Obituary: Andrew Strong on getting serious about changes to social security

The aftershocks of recent events in Scottish politics continue to reverberate. New local government administrations are still bedding in in town and city halls across Scotland, June's snap election resulted in significant changes in personnel at Westminster and, of course, there is the looming spectre of Brexit. In an immediate sense, however, the most significant of these developments remains the fallout from September 2014's independence referendum and the evolution of the Smith Agreement.
Andrew Strong Assistant Director (Policy and Communications) Health and Social Care Alliance Scotland (the ALLIANCE)Andrew Strong Assistant Director (Policy and Communications) Health and Social Care Alliance Scotland (the ALLIANCE)
Andrew Strong Assistant Director (Policy and Communications) Health and Social Care Alliance Scotland (the ALLIANCE)

At the heart of what Lord Smith set out was a new era for devolution in Scotland. The new Social Security (Scotland) Bill, which will come under scrutiny from all sides in the coming months, undoubtedly marks that. It seeks to change the role of the Scottish Government and the level of involvement it has in the lives of many disabled people, people living with longterm conditions and unpaid carers. Our organisation, the Health and Social Care Alliance Scotland (the Alliance, for short), has welcomed the Scottish Government’s warm words related to this change. Terms like “human rights”, “dignity” and “respect” have surrounded the groundwork undertaken to reach this stage. But now is not the time to simply celebrate the rhetoric – strong duties must set out how this will be realised in practice.

The early signs are good – with the Minister for Social Security, Jeane Freeman MSP, repeatedly speaking of her personal commitment to co-production. The recruitment of over 2,000 people to panels in order to support this aim brings with it the opportunity to gain direct insight from people with experience of social security to inform design and development.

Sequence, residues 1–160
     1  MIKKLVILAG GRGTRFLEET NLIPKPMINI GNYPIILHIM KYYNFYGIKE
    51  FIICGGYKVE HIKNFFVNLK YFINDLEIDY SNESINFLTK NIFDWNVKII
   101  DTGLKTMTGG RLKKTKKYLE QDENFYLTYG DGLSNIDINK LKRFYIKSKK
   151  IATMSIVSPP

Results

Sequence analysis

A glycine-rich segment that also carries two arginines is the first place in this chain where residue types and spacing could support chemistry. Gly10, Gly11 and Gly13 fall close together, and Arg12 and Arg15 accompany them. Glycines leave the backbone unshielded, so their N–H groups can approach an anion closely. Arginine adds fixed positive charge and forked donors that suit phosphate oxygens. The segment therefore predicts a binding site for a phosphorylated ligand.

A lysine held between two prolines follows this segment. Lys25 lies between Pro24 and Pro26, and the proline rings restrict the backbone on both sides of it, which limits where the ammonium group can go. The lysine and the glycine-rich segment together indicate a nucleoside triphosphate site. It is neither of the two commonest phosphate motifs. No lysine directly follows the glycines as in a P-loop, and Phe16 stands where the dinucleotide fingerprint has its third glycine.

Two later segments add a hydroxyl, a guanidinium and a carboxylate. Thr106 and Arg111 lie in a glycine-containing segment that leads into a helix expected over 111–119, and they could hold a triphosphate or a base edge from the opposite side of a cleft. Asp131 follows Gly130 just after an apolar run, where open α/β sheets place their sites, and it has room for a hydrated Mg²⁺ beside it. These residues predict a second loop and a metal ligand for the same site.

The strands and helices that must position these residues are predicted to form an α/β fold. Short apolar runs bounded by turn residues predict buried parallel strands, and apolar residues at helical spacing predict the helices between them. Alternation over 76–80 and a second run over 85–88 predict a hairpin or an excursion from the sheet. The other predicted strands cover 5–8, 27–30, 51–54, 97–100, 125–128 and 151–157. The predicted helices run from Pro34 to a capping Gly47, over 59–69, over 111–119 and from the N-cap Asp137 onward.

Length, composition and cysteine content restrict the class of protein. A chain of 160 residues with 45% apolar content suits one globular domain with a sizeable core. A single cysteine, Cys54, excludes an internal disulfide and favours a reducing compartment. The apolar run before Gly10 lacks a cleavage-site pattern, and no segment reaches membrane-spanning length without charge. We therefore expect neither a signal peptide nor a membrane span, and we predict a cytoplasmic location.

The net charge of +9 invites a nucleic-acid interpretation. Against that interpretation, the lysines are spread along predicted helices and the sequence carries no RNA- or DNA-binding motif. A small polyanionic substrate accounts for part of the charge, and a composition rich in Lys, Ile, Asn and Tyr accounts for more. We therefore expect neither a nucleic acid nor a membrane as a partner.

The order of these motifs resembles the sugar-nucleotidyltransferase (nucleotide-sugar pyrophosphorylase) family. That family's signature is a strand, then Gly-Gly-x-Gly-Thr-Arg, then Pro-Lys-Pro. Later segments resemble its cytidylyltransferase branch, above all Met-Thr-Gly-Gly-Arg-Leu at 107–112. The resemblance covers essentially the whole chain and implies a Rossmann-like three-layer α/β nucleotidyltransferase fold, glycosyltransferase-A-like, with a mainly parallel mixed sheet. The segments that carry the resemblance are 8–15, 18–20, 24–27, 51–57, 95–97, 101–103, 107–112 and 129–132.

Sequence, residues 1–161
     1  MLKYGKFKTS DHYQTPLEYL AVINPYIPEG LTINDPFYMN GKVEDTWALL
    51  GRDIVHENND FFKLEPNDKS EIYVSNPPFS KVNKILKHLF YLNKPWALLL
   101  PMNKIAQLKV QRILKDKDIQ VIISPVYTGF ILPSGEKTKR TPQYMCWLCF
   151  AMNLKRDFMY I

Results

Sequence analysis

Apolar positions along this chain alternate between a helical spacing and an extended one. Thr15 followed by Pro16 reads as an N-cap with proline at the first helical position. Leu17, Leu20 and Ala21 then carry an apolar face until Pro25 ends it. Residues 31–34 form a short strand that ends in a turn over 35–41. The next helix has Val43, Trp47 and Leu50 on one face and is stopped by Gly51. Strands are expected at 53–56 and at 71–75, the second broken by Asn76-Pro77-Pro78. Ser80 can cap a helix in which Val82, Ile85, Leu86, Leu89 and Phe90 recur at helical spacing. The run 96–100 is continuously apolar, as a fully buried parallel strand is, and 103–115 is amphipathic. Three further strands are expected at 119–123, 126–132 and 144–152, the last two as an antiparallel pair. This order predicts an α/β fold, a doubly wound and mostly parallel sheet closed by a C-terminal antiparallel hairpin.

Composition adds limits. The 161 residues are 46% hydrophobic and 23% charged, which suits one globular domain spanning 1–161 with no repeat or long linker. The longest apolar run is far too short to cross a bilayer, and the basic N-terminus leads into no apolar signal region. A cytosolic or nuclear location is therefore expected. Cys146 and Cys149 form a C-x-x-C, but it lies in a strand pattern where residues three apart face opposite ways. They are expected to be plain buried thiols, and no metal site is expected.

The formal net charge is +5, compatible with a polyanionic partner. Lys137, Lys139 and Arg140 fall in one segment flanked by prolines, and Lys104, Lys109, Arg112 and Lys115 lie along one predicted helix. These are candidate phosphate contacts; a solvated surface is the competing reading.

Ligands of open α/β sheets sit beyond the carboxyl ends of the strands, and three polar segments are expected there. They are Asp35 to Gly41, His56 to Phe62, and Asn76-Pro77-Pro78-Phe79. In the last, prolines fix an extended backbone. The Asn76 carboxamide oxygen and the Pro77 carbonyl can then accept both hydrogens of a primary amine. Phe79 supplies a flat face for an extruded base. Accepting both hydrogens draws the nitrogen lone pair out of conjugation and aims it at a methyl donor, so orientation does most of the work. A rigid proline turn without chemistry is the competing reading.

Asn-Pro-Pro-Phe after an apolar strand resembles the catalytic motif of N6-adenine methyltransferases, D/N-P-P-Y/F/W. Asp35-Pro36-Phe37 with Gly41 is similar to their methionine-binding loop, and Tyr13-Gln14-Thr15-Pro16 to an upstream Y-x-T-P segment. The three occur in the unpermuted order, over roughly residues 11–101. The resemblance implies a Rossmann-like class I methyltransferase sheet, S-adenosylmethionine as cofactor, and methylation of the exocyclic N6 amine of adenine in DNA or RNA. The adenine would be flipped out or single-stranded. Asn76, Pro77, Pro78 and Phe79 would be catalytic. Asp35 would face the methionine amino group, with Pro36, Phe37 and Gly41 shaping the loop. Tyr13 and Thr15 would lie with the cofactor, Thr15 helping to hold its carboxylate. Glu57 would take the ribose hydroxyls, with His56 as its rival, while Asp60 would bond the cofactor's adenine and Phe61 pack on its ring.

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Shared power between the Government and the people is notoriously tricky – but must become an essential part of a system which seeks to respect the rights of the people who use it and address the concerns of the many who feel unheard and powerless in existing social security assessment processes. Recent research by MS Society Scotland, for example, highlighted “unfair assessments” which made people feel “invisible”.

Over the last six months the Alliance has been discussing what an improved system would look like with people who are “seldom heard” in existing consultation processes. For example, we spoke to refugees and people who are seeking asylum in Glasgow about how they could better find information on entitlements. Meanwhile disabled people in remote and rural areas like Boat of Garten noted the need to take travel time to and from assessments into account and for all to have the option of a home assessment.

Such a change in tone requires a change in the culture and language at the heart of social security – not simply a change in the way Government delivers entitlements. Rights-based rhetoric is central to the new draft legislation, but to pass the test of Article 9 of the International Covenant of Economic, Social and Cultural Rights, availability, adequacy, affordability and accessibility must be key components of the approach. In our view, an independent accountability mechanism could support this approach – a means of redress for people where it is required.

Alliance members consistently tell us that independent advocacy is a form of supported decision-making that people value, and indeed depend on, through the assessment process. This is a model that relies upon an informed, trained and knowledgeable advocate supporting and attending assessments with people to ensure that an accurate and rights-based approach is followed. Our Welfare Advocacy Support Project, which introduced four independent advocates to the social security processes in communities across Scotland, proved that not only does this create an enhanced level of support for people during assessment processes, it helps empower people in an inherently unequal situation.

Disappointingly, the draft Bill lacks any commitment to independent advocacy. Undeterred, the Alliance, alongside other third sector organisations, intends to challenge the Government to ensure people have a right to access it. As we stand on the precipice of one of the biggest changes of the post-devolution age, now is the time to challenge our thinking about social security. If we are serious about a process of continual improvement, any social security system needs to work both with and for the people who access it. Dignity and respect must be fundamental aspects of Scotland’s approach, but empowering the people of Scotland to continually be at the heart of the decision-making process is the bigger prize.

Andrew Strong, Assistant Director (Policy and Communications), Health and Social Care Alliance Scotland